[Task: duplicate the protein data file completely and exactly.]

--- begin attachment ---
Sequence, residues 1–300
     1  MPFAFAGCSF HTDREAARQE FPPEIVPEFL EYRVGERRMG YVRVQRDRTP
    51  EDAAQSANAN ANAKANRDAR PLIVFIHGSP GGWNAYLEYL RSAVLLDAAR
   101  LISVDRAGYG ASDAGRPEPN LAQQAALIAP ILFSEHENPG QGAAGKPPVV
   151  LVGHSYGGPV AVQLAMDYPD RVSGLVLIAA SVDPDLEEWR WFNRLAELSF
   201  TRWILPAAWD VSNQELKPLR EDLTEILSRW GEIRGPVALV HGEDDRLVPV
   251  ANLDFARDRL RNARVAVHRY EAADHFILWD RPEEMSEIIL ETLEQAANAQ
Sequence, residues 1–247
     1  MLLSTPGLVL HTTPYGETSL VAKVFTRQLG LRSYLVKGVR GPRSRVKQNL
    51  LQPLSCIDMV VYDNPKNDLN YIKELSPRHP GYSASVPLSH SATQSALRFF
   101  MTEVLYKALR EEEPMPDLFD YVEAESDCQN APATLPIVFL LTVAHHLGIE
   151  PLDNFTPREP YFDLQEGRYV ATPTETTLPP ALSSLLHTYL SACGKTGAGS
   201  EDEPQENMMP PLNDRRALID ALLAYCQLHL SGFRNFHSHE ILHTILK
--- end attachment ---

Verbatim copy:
Sequence, residues 1–300
     1  MPFAFAGCSF HTDREAARQE FPPEIVPEFL EYRVGERRMG YVRVQRDRTP
    51  EDAAQSANAN ANAKANRDAR PLIVFIHGSP GGWNAYLEYL RSAVLLDAAR
   101  LISVDRAGYG ASDAGRPEPN LAQQAALIAP ILFSEHENPG QGAAGKPPVV
   151  LVGHSYGGPV AVQLAMDYPD RVSGLVLIAA SVDPDLEEWR WFNRLAELSF
   201  TRWILPAAWD VSNQELKPLR EDLTEILSRW GEIRGPVALV HGEDDRLVPV
   251  ANLDFARDRL RNARVAVHRY EAADHFILWD RPEEMSEIIL ETLEQAANAQ
Sequence, residues 1–247
     1  MLLSTPGLVL HTTPYGETSL VAKVFTRQLG LRSYLVKGVR GPRSRVKQNL
    51  LQPLSCIDMV VYDNPKNDLN YIKELSPRHP GYSASVPLSH SATQSALRFF
   101  MTEVLYKALR EEEPMPDLFD YVEAESDCQN APATLPIVFL LTVAHHLGIE
   151  PLDNFTPREP YFDLQEGRYV ATPTETTLPP ALSSLLHTYL SACGKTGAGS
   201  EDEPQENMMP PLNDRRALID ALLAYCQLHL SGFRNFHSHE ILHTILK